...And How Electrocuting Yourself Makes You More Productive
The cognitive effort you have to put into saying no to cake can kill your ability to innovate and most probable you already experience decision fatigue because of the efforts avoiding checking your phone at work.
A few days ago I was browsing
Product Hunt like I do every day.
I came across this product https://www.producthunt.com/tech/pavlok-2.
It is a device you put around your wrist that can give you electric shocks. This device can help you change your habits by jolting you every time you think of doing the unwanted habit or if you do the habit. It can track some stuff itself, but in many cases you trigger the jolt yourself.
At first I was thinking:
I am able to control my own thoughts, I don’t need a device to control myself. What would happen if I got used to using a device every time I need some willpower?
But then I couldn’t get it out of my mind…
In the book “Thinking, Fast and Slow”, Daniel Kahneman explains something about the effort it takes to do something we don’t really want to do e.g. changing a habit. He explains that this special brain effort is a zero-sum game. We only have a certain amount of effort or willpower in a given period of time. This effort is being spent by all sorts of stuff.
Avoid overeating, walking when you could be taking the cab, not buying the new mac you really want, going to work when you really want to sleep, and soooooo much more.
So what happens when we introduce the idea of changing a habit? Well, our brain tries to reject it because it takes way too much effort to reprogram our habitual behaviors. Therefore, we need to really keep reminding ourselves to commit to the change.
As I said willpower is a zero-sum game, which means that when you introduce a new willpower-consumer, your focus tends to drift away from other import areas.
Maybe that's why when people try to stop smoking they suddenly start to snack a little bit more. When their willpower is focused on not smoking, it becomes much harder to resist other good stuff.
Have you ever thought about why it is so much easier to do an assignment you WANT to do than one, you HAVE to do. The same goes for reading, I have many times fallen asleep at page 5 of a university book, but read several hundred pages about some startup or self-improvement book… it takes a lot of effort to understand, to stay awake and to “want” to read at the same time.
Almost half of the time, half of the employees, at a given company will be trying to lose weight, as that is the trend today, for many good reasons.
Let’s make up a company called “X”.
X is a company that needs to be really innovative, so they hire the most talented employees and they try to make the best working conditions with a nice selection of food for lunch and free snacks and beverages at all times.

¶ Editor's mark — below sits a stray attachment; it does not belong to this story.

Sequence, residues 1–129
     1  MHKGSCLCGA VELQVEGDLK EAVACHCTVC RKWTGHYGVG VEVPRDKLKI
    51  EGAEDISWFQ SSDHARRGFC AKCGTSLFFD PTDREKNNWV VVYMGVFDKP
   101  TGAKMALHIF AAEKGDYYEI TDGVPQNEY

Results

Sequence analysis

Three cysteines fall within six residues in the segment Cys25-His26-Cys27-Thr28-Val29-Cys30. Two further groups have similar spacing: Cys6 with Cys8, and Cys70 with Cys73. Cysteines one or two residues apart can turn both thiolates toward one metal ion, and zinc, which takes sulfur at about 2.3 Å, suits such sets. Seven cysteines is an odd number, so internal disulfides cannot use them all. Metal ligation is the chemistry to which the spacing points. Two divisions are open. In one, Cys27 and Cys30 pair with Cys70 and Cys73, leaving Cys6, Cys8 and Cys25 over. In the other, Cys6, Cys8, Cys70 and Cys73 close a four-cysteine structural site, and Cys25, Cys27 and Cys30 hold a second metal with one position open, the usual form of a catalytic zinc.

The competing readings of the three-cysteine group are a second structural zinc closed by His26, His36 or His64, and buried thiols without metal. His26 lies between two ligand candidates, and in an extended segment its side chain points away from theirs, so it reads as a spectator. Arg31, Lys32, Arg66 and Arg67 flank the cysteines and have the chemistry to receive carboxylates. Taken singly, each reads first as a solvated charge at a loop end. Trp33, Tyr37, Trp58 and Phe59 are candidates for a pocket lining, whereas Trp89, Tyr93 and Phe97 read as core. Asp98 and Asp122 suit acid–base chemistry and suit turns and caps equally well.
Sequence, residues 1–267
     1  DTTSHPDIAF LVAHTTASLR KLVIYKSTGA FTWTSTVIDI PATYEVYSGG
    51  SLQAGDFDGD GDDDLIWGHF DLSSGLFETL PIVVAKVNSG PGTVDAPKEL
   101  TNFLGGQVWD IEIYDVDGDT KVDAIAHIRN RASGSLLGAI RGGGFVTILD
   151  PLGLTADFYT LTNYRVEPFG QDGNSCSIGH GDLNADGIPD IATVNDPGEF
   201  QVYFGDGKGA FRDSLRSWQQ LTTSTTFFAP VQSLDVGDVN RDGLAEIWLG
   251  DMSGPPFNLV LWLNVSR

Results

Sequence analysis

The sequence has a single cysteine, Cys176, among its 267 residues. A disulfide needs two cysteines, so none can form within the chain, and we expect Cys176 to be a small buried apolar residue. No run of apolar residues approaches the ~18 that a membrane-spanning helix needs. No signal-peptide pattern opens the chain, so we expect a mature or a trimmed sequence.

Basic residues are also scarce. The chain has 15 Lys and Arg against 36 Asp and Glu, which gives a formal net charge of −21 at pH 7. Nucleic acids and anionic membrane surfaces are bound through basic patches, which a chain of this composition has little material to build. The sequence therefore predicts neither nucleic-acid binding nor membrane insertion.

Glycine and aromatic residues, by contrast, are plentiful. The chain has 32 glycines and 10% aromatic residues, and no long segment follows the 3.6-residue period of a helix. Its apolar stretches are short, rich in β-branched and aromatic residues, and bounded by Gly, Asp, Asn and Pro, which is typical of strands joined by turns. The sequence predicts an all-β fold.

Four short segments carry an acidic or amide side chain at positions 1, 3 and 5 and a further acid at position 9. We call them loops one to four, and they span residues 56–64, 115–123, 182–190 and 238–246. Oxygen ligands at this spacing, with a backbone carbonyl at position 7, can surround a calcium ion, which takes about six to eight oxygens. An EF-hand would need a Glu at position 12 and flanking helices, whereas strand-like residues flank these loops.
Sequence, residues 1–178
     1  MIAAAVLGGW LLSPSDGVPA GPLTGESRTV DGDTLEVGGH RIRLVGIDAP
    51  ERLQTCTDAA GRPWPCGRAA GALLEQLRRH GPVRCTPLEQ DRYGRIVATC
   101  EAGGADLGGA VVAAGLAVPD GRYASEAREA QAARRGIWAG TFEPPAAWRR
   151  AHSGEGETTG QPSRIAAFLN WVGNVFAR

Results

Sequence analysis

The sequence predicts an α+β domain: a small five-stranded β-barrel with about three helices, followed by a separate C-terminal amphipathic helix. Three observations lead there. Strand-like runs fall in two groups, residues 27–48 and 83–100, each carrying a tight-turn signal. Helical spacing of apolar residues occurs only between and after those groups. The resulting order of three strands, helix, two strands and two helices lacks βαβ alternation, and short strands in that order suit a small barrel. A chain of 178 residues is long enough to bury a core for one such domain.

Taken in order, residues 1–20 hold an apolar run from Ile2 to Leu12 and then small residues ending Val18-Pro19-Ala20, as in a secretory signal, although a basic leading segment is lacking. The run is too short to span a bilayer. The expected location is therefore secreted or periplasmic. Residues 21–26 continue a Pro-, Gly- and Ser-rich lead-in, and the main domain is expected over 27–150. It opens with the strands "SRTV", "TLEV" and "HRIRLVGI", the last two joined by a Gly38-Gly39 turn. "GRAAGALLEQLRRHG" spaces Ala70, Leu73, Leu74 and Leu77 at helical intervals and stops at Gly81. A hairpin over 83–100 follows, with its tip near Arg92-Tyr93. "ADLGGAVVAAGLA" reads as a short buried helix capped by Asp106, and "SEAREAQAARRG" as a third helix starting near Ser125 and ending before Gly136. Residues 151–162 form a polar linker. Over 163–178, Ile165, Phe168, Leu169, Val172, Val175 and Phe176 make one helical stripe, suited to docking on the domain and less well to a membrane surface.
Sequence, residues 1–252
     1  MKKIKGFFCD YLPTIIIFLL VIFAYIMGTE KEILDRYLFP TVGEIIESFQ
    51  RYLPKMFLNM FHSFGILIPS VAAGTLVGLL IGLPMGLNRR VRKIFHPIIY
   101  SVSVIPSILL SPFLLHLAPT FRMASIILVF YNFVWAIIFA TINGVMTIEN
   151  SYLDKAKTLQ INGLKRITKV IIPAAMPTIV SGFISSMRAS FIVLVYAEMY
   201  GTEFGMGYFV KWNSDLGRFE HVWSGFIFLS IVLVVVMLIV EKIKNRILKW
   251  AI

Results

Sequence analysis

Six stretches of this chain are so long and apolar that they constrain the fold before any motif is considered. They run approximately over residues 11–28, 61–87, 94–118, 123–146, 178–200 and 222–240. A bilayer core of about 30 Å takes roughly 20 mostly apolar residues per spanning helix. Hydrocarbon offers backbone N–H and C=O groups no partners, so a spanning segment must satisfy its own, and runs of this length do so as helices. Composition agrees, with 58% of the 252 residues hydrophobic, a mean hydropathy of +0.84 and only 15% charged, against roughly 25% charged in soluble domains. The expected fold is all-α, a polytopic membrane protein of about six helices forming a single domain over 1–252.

Innovation at its core is an extreme form of change of mindset. If you are at the center of real radical innovation, you sometimes have to change your mindset and your whole belief system. Letting go of all previous thoughts and stay open to new findings and ideas.
This kind of brainwork takes an insane amount of willpower. If you look at Theory U, which is a very famous innovation theory, one of the components is actually “open will” — letting go.
How do You think company X actually performs in terms of innovation, if half of the employees are trying to resist to eat all the free cake?
Using a device as mentioned before could actually eliminate some of the willpower-consumption.
My take on it is that there are two ways to stop yourself from performing a bad habit:
So by reprogramming your habits using a shortcut, you can stay productive and focused on the tasks you want to.
My take on why this works…
I saw a TED Talk at some point on how our memories can be changed by time and external factors. For example, our mood affects our memories. The mood we are in when experiencing something naturally affects our memory of it. But interestingly enough every time you recall a memory it will be stored once again being affected at your new mood.
That way good memories recalled at good times will keep seeming better and better and bad memories recalled at sad times will keep seeming more and more sad.
If I consider this device, it may actually be able to change the association we have with a certain habit.
For example, when eating candy, chips, drinking a coke or something else, we often connect it with some old and cozy setting with family or friends. By jolting yourself when craving, you start associating the object with something unpleasant and eventually you would probably let go of the old associations and stop craving it.
Another angle is that it is simple Neuro Linguistic Programming (NPL). You or another person program your mind to associate certain stimuli with certain mindsets, thoughts or actions.
I really think the idea is interesting. I haven't tried the device yet and don’t know if I will buy one, but I find it really interesting how much habits can consume our brain power
This article was originally posted on Medium